He is named after his grandfather, Thomas Bruce Church, who became a partner in the lettuce business in 1926. Church served as chairman of Western Growers Protective Association in 1938. When he passed away in 1958, Taylor’s father, Ted, led the company and laid the ground work for the salad business that became Fresh Express.
“Dad put all the building blocks in place to create a salad business,” says Taylor.
“We had seed research, a farming company (Bruce Church) and a company to develop special salad bag material for freshness (Transfresh).” Taylor led the development of Fresh Express for 13 years.
“We go to the customer and say, ‘Where can we help you? How can we add value to your business and your customers?’”
Taylor Farms applied this philosophy and practice with a major customer, Darden Restaurants (a.k.a. Olive Garden, Red Lobster, LongHorn Steakhouse, the Capital Grille, Seasons’ 52, etc.) who have a pretty aggressive strategy about diversifying their supply, according to Taylor.
“We worked closely with them when they wanted to go into Mexico,” says Taylor. “We were just developing operations there and now 50 percent of Darden’s salad products come from Mexico. This has been a key to our success – being customer focused.” It seems to work both ways.
The family tradition continues with Taylor’s sons, two of whom, Alex and Drew, work in the business with him. Son Ted, recently married to Amy, is completing his M.B.A. while the youngest, Bruce, is an undergraduate. Keeping Dad centered is the job of Linda, Bruce’s wife of 33 years.
“Linda is a great partner,” says Taylor. “We share a passion for the fresh food business and Linda brings great insight.” The family vacations together every year, usually fitting in a visit to one of the Taylor Farms facilities around the world.
A graduate of the University of California, Berkeley, Taylor also attended Harvard Business School, serves on the boards of the Harden Foundation and Mission Produce, and is the former chairman of the board of the Produce Marketing Association and the National Steinbeck Center. He is the new vice chairman of the Western Growers Board of Directors so is slated to follow in his grandfather’s footsteps. Growers and marketers may face many of the same issues today - transportation, labor, pest control – that his grandfather faced 70 years ago but Taylor also has an interest in science and technology as well as public relations. He wants to play offense with science and technology to develop solutions for the industry.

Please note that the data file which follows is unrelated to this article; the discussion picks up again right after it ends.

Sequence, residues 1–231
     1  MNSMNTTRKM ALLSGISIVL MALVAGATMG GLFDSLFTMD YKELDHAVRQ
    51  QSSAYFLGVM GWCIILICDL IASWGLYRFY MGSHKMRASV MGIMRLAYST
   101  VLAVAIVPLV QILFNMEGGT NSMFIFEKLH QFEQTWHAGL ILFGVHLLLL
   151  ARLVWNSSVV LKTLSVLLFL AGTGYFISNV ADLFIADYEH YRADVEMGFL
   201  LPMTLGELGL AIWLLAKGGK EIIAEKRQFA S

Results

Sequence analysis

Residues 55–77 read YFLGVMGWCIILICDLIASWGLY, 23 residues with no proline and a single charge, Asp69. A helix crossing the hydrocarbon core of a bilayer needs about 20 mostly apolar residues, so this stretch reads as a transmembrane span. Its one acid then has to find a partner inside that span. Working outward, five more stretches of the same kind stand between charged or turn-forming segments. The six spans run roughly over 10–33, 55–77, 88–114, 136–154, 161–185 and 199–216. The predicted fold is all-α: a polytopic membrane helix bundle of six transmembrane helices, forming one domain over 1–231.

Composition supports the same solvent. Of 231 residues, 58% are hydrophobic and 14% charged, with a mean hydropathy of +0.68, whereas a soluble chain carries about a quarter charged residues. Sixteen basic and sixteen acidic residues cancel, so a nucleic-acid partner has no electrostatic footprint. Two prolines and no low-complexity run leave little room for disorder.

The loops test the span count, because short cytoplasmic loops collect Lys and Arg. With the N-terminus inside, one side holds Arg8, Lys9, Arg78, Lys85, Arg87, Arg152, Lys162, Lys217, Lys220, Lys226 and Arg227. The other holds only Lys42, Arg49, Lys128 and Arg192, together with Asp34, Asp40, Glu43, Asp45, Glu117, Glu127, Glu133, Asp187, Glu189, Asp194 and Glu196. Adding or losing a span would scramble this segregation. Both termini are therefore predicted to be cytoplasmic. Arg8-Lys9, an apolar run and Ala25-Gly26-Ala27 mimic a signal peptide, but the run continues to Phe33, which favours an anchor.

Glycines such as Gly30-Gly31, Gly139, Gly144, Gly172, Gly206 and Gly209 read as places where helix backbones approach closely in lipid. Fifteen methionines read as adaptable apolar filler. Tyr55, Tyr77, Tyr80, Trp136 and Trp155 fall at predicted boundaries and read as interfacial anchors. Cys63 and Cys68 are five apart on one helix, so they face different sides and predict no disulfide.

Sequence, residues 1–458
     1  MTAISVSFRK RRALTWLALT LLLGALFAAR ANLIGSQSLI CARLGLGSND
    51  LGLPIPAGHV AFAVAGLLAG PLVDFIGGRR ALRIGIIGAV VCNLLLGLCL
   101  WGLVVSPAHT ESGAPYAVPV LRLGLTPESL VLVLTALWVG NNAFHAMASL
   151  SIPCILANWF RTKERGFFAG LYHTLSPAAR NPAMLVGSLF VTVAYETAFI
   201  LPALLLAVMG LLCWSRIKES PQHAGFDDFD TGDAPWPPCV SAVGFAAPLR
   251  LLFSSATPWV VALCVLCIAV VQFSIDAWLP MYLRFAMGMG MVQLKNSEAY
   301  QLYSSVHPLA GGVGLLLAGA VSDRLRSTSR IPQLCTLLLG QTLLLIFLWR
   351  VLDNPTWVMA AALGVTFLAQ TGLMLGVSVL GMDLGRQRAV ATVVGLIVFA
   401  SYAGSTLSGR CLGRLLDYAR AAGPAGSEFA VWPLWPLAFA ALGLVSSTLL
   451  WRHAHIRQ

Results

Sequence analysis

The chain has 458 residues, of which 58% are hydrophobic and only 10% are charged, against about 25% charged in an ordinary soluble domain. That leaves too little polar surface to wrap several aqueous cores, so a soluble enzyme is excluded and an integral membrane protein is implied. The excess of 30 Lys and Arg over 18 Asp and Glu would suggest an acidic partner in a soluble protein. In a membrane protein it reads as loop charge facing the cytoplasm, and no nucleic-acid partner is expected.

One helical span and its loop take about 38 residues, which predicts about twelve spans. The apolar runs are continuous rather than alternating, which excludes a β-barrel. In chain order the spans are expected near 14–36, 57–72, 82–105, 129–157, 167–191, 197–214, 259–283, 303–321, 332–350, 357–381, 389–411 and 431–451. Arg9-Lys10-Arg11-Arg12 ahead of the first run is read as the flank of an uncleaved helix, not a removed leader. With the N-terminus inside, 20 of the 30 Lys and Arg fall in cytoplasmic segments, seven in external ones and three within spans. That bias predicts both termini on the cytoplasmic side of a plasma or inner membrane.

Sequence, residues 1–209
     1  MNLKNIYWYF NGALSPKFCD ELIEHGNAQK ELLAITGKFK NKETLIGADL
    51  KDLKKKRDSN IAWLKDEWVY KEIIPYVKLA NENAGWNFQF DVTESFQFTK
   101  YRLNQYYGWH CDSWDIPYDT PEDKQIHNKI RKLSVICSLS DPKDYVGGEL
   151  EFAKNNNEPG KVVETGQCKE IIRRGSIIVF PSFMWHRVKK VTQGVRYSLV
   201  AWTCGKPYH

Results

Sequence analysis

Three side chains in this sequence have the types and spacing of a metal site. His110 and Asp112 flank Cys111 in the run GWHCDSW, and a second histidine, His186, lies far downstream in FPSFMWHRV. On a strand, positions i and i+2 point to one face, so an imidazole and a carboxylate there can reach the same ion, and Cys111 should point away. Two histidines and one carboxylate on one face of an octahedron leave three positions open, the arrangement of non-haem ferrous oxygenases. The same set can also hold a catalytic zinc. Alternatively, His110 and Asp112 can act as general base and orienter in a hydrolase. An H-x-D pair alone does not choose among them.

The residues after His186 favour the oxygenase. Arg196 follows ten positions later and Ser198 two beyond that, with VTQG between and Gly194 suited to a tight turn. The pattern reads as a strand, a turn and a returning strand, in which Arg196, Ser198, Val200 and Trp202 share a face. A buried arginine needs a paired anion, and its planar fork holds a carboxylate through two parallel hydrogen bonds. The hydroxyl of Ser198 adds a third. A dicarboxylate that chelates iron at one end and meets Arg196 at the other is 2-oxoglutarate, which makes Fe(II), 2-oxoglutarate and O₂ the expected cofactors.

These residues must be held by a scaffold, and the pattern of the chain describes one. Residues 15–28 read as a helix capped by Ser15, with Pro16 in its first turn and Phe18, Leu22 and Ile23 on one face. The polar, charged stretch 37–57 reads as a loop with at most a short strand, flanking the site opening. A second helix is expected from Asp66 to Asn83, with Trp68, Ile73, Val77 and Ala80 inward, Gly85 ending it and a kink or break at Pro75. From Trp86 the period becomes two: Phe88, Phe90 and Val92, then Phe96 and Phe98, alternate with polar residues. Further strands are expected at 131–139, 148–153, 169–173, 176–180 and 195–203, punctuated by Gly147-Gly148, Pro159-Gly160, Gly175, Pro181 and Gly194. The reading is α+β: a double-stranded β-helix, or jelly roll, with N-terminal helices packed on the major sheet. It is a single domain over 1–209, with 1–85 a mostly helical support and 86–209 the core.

“If we can utilize new technology to get in front of the expectations of the community, then we can get ahead of the voter and communicate to them who we are, that we are responsible stewards, and that we produce great, safe food.”
There’s no hesitation from Bruce Church Taylor when asked about the most important reason for his success.
“What’s made us successful,” says Taylor, “is the partners we’ve had – the team members we call family. Taylor Fresh Farms is a great team of leaders where people have tremendous ability and opportunity to make decisions and do what’s right. We run a very entrepreneurial organization with a decentralized structure. We believe people are motivated because they have to make decisions.”
Leadership may top the bill of Taylor’s attributes, but he also credits a long family tradition of innovation as another key reason his company, Taylor Fresh Foods, is now the largest supplier of fresh cut salad products in the United States with operations worldwide including nine production facilities in North America, and operations in Australia and New Zealand.